Can intercultural theory account for the events of September 11th 2001? Does it offer any guidelines for responses to those events? It was the day "ÃÂÃÂthe world changed' as newspapers across the globe echoed. The September 11th tragedy, as it is commonly referred to, shook the political foundations of America, the previously so-called "ÃÂÃÂinfallible' nation and the whole world felt its ramifications, stood-up and took notice that any Super Power could prove vulnerable when faced with aggressive, cold-blooded terrorism.
In this event, American Airlines Boeing 767 and United Airlines Boeing 767, both en route from Boston to Los Angeles, were hijacked and flown only minutes apart into the north and south towers of the World Trade Center, causing its eventual collapse. Shortly afterwards, another plane crashed into the Pentagon and a fourth plane crashed into a field near Shanksville, as the attempts to hit the chosen targets "ÃÂÃÂ the White House and Camp David, were thwarted by passengers.
The scale of the disaster could be viewed for miles, as smoke poured over the Manhattan skyline which once symbolized strength and hundreds of firefighters perished together with other innocent civilians, the total number now estimated at about 5 or 6 thousand.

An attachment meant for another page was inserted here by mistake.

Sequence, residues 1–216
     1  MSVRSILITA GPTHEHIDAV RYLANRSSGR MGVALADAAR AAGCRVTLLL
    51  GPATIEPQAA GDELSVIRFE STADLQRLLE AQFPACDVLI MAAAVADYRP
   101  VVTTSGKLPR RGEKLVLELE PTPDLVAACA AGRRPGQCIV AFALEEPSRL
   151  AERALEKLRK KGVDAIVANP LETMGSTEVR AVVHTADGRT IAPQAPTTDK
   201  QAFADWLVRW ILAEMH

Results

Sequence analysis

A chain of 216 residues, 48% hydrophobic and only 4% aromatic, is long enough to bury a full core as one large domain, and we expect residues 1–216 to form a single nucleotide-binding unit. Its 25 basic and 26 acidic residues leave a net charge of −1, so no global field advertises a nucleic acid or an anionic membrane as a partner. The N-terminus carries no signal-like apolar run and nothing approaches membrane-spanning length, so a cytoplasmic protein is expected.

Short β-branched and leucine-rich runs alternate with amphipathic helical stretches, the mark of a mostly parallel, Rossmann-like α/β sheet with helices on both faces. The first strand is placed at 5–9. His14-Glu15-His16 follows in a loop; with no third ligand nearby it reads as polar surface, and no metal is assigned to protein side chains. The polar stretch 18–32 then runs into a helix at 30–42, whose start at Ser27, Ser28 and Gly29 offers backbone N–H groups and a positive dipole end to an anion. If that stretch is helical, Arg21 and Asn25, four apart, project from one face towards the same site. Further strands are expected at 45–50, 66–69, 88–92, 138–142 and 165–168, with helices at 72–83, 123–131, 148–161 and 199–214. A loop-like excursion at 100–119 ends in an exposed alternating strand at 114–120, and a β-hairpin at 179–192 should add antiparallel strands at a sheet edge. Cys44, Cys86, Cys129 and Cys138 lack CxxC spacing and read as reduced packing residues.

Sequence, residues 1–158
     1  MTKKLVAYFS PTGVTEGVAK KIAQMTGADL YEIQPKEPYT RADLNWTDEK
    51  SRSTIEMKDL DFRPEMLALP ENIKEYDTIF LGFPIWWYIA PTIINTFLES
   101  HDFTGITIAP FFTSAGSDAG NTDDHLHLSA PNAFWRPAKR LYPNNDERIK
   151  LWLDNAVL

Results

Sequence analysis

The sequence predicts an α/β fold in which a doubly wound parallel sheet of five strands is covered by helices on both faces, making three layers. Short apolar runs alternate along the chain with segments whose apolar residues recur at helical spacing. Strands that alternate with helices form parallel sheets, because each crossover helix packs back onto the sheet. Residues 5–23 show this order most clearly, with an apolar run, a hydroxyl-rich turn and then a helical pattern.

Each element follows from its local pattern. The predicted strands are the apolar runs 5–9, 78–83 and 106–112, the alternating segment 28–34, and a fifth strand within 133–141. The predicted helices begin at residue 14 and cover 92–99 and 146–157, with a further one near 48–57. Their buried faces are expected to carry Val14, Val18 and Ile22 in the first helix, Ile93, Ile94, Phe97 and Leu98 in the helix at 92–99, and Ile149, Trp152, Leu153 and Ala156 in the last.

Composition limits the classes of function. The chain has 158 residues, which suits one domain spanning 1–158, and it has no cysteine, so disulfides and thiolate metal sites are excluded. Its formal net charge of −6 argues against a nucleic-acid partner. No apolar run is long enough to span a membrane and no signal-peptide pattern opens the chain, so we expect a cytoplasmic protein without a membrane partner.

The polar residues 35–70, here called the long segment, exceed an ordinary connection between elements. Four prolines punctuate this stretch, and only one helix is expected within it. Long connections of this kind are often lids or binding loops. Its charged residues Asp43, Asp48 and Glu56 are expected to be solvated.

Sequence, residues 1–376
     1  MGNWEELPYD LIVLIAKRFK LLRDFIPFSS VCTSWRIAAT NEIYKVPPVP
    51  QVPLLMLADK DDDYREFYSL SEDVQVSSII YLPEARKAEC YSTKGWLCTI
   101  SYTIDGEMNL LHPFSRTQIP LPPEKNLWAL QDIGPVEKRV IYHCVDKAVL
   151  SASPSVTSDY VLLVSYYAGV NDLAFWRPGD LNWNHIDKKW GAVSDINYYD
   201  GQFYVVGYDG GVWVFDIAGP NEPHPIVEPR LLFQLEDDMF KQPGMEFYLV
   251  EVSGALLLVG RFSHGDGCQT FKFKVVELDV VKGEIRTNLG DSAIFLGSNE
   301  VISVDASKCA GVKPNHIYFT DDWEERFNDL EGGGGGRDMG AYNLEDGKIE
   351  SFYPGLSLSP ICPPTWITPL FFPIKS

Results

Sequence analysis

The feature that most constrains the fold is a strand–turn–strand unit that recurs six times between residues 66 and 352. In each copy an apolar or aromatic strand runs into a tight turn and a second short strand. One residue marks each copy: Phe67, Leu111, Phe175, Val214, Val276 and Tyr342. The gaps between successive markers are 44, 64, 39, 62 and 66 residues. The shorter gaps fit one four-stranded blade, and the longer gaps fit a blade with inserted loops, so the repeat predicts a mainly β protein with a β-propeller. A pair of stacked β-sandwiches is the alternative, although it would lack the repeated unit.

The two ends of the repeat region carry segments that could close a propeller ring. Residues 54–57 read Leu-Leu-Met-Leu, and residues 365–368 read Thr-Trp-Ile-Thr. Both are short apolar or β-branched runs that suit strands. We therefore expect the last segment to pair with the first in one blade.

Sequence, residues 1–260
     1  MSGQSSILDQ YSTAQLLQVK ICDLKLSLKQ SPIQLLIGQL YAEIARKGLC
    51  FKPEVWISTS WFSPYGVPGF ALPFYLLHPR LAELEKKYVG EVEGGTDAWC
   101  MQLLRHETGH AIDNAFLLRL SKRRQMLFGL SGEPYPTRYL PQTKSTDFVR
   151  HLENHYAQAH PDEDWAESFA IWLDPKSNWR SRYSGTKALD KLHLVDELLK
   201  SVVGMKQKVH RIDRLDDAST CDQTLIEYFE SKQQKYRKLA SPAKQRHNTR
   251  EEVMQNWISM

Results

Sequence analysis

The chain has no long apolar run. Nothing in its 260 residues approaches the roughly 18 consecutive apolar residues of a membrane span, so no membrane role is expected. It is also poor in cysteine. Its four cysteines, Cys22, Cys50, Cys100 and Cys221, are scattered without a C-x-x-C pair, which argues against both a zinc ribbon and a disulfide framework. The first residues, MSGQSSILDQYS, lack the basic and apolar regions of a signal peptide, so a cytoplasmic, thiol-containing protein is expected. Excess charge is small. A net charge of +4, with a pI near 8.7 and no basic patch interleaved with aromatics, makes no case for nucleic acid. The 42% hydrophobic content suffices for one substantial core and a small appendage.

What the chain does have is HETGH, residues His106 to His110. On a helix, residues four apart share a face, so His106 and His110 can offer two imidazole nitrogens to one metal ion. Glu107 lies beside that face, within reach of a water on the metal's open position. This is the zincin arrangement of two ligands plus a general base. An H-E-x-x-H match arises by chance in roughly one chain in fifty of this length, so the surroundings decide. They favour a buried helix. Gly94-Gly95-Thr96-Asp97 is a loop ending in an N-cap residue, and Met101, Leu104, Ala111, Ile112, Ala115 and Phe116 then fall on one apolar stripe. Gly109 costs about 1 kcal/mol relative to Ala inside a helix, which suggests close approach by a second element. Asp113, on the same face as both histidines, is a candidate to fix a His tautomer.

It is important to consider, not only intercultural theory, when considering the reason for such a clash between so-called "ÃÂÃÂsecular civilization' and "ÃÂÃÂfanatical' religious fundamentalism, but also appreciate the psychological, anthropological, political and economic angles in this tangled web.
Although there is age-old debate amongst theorists as to what the term "ÃÂÃÂculture' actually means, it is important to establish a general thread of association between them for the purpose of this essay, to illustrate whether cultural differences between the two groups involved, namely the Islamic extremists of the East and the United States in the West, could have amounted to such an...